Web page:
Here's where the story becomes quite troubling. Wundrum had been arrested twice in the seven months prior to her death on drug-related charges. She was arrested in Miami County, Ohio last August for driving while under the influence of a controlled substance and possession of non-prescribed Vicodin pills and crushed, non-prescribed Adderal. In January, she was arrested in Boone County for driving while under the influence after she nearly struck a police car while driving the wrong way on I-65. Wundrum was once married to a Florida attorney who pleaded guilty in 1997 to federal tax charges for failing to report $364,000 in transactions with a drug dealer. The two were divorced in 2002 and he died in 2005 of a drug overdose.
During the investigation of Wundrum's death, police found photos of Irsay in her home. The Star learned that three homes listed by Wundrum in arrest records as addresses where she was living were homes that had been owned by 2009 Blue Trust, a real estate entity connected to the Colts organization, including a town house in Trader's Point purchased for $139,500 in June, 2013, which was later transferred to Wundrum at no cost and where she was found dead on March 2. "She used two of those properties--including an $800,000 home--as the corporate address of her landscaping business in filings with the Indiana secretary of state," the Star reported. The Star provided the following information on the three homes:
- 8315 Codesa Way
June 2013: The Blue Trust purchased the townhouse for $139,500.
August 2013: The trust gave the townhouse to Kimberly Wundrum at no cost.
Kimberly Wundrum was found dead in the townhouse March 2 of a suspected drug overdose.
- 7910 Mill Pond Lane
March 2010: Irsay friend Thomas Moses purchased the house for $575,750.
March 2010: Moses sold the home to the Blue Trust for $575,750.
Between 2009 and 2013, Kimberly Wundrum listed the house as her home address in court documents and as the corporate headquarters for a landscaping business in reports she filed with the Indiana Secretary of State.
February 2014: Blue Trust sold the home for $810,000.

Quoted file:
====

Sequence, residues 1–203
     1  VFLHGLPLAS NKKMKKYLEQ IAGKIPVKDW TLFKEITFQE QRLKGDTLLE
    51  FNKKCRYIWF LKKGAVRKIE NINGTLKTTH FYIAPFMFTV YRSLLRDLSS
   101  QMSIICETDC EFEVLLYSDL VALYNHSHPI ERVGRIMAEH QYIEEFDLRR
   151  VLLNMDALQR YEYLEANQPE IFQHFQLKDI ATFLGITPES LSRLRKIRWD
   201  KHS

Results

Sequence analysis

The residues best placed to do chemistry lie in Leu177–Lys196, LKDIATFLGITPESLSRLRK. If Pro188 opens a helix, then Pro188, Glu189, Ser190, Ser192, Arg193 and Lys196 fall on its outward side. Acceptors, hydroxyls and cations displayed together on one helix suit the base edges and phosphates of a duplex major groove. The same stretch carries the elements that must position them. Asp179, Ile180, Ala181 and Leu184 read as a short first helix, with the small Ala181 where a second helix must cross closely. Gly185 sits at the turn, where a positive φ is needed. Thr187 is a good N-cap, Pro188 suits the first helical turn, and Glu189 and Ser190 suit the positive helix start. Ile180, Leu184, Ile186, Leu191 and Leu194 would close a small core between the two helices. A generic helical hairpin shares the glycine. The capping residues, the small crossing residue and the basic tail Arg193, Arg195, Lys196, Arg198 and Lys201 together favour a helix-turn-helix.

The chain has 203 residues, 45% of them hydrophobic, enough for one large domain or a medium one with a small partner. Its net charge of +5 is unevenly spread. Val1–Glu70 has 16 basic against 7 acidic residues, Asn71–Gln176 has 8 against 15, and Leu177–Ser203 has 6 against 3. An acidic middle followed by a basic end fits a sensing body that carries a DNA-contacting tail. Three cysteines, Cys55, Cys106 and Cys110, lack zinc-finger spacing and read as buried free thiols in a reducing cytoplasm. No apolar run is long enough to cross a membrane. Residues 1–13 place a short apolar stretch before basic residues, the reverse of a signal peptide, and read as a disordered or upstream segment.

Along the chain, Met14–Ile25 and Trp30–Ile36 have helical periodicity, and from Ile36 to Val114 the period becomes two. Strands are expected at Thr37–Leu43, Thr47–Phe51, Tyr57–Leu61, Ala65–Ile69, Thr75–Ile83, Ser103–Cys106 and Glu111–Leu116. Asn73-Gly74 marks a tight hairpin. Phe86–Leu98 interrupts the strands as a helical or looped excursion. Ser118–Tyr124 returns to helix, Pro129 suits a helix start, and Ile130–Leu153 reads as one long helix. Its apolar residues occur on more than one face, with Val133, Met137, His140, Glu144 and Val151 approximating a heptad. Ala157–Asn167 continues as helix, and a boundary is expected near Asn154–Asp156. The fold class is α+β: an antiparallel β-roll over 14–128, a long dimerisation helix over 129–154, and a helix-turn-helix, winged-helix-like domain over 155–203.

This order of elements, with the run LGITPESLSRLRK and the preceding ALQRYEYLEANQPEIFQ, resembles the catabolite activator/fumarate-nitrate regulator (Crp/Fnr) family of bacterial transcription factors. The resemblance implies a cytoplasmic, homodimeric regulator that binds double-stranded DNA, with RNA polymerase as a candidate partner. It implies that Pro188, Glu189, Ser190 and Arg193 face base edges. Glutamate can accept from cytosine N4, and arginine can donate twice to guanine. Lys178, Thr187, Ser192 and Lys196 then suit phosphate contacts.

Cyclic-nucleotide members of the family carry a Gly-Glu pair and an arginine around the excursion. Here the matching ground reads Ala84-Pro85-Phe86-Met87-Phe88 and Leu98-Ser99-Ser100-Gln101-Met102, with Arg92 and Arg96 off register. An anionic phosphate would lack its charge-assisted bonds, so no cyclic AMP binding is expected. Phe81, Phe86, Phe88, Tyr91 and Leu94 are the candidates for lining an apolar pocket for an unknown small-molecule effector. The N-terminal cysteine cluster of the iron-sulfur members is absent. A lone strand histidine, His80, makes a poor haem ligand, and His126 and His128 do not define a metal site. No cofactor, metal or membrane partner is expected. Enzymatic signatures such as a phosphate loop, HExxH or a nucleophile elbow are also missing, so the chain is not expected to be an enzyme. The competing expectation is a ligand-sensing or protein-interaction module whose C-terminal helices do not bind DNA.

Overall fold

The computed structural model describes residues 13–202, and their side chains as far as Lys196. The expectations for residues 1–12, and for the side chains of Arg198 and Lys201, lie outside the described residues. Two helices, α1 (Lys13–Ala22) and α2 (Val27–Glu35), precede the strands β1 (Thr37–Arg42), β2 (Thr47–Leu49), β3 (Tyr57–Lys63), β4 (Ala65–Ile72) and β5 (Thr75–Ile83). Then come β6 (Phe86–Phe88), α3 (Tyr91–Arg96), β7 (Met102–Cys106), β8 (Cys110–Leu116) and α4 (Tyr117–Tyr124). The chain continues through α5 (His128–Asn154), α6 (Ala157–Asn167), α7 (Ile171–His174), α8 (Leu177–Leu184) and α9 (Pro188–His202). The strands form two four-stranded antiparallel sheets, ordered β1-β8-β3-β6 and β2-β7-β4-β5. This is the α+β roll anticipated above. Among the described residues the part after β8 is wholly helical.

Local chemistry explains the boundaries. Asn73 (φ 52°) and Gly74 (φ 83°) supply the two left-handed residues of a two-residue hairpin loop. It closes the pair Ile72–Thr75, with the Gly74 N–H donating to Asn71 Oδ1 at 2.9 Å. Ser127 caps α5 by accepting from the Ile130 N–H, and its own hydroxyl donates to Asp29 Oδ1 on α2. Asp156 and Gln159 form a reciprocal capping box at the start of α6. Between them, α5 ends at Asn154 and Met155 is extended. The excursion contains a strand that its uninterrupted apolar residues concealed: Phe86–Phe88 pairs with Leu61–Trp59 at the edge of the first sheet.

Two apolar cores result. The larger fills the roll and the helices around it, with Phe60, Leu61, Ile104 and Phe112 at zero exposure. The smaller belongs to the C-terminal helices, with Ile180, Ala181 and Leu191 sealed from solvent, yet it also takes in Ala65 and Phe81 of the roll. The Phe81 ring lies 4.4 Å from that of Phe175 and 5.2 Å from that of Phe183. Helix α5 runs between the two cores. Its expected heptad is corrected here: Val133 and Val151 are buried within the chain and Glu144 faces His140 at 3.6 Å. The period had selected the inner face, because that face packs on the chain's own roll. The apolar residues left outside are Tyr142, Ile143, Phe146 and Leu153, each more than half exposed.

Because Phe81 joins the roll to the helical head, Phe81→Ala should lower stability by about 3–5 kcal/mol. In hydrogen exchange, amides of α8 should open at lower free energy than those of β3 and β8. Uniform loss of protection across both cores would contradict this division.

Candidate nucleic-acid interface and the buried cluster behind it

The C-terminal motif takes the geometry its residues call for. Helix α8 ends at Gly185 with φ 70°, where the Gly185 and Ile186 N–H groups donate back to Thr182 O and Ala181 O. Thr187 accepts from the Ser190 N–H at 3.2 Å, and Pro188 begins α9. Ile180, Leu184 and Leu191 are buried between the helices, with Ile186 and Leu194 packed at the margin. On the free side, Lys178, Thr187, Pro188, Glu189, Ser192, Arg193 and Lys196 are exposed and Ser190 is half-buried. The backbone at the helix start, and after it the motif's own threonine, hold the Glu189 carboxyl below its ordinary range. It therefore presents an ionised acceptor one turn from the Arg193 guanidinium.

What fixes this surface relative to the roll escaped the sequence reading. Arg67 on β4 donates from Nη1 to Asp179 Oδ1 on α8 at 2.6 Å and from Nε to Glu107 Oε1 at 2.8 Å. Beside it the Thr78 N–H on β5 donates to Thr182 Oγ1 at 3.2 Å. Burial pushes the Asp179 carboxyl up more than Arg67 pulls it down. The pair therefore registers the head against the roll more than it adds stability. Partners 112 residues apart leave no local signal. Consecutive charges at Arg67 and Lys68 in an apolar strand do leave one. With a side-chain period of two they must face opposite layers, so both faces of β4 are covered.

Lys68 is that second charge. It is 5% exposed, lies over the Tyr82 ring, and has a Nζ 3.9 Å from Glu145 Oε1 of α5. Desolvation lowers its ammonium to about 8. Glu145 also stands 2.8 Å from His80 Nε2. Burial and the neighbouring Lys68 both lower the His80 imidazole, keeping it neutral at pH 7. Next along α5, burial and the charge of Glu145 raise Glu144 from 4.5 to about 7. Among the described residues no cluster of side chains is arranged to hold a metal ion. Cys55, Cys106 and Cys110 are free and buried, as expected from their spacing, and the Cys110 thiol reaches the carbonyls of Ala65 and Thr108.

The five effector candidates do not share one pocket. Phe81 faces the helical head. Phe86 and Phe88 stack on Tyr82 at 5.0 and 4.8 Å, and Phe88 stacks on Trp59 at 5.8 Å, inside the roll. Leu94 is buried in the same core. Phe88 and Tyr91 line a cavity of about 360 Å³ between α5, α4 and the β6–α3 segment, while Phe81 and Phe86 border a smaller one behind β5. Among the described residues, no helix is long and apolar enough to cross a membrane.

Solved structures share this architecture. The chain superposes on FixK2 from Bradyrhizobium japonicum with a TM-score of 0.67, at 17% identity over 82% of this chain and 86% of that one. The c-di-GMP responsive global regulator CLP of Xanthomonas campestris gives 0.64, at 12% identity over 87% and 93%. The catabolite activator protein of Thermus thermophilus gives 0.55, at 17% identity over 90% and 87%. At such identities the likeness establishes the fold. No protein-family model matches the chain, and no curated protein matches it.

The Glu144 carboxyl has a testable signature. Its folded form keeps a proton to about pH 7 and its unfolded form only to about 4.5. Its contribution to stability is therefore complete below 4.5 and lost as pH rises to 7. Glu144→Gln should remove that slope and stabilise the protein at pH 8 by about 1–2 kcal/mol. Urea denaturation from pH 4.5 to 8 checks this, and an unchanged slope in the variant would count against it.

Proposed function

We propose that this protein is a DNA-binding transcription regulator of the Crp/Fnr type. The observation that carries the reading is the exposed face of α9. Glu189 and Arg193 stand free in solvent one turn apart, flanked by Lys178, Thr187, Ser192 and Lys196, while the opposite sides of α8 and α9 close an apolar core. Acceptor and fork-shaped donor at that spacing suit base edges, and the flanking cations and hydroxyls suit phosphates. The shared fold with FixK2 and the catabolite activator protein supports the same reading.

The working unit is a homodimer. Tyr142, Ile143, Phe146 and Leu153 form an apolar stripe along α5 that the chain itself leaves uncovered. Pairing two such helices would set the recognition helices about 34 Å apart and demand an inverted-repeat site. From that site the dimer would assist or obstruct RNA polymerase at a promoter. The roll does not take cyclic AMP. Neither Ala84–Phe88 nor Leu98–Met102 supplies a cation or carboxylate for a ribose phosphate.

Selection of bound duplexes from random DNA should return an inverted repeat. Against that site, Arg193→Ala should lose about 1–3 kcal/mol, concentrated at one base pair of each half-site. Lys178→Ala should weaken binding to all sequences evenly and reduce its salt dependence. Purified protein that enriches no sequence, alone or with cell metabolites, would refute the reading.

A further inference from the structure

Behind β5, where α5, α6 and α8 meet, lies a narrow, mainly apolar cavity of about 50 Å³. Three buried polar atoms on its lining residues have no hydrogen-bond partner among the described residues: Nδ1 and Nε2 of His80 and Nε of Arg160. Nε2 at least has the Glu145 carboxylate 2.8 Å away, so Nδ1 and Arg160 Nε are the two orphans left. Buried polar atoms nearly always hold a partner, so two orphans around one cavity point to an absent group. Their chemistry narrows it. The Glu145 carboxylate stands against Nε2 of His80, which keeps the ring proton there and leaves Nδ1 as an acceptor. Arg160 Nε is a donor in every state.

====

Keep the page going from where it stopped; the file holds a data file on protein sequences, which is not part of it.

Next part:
- 8343 Codesa Way
February 2006: Indianapolis Colts purchased the townhouse from Pulte Homes of Indiana for $174,660.
July 2009: Indianapolis Colts transferred the property to Blue Trust "for no consideration."
August 2012: Blue Trust sold the property for $122,500.The three homes were administered by Colts executives according to the Star. The Colts CFO, Pete Ward, said they pertained to Irsay's personal life and would be "inappropriate for me to comment." Colts Vice President and general counsel Daniel Emerson is the trustee for the 2009 Blue Trust. Tax statements for the homes were mailed to the Colts' business address. The real estate transactions could raise concerns by federal tax authorities according to the Star report.
It seems to be a foregone conclusion that Irsay will face serious scrutiny by NFL officials over his drug arrest, which should have heightened scrutiny given his past drug addiction problem revealed more than a decade ago that involved hospitalization for at least three drug overdoses. Irsay could have faced charges for prescription drug fraud at that time, but local law enforcement officials seemed more concerned about the implications such charges would have on Irsay's ownership of the Colts than the rule of law or his personal well-being. The Hamilton County Prosecutor's Office has still not filed formal charges against Irsay for his March 16 arrest for driving under the influence and possession of controlled substances. Irsay had more than $29,000 in cash on him at the time of his arrest after police pulled him over in Carmel because he was driving erratically.
There's a lot more to this sordid mess that's yet to be uncovered if these Star reporters keep digging. More drug overdoses ending in death that never made the news. Wasn't there a dentist who used to brag about writing scripts for Irsay and getting to sit in the Colts' owner's suite as a guest during games? And wasn't that same person who employed as a bar manager at a night club he owned a former pharmacist who lost his license several years back after getting arrested while attempting to board a plane at the Indianapolis International Airport with Ketamine? Yes, there's a very dirty underbelly of high society life in Indianapolis just waiting to be exposed. Keeping digging, Tim and Mark, if your editors dare allow you to go there.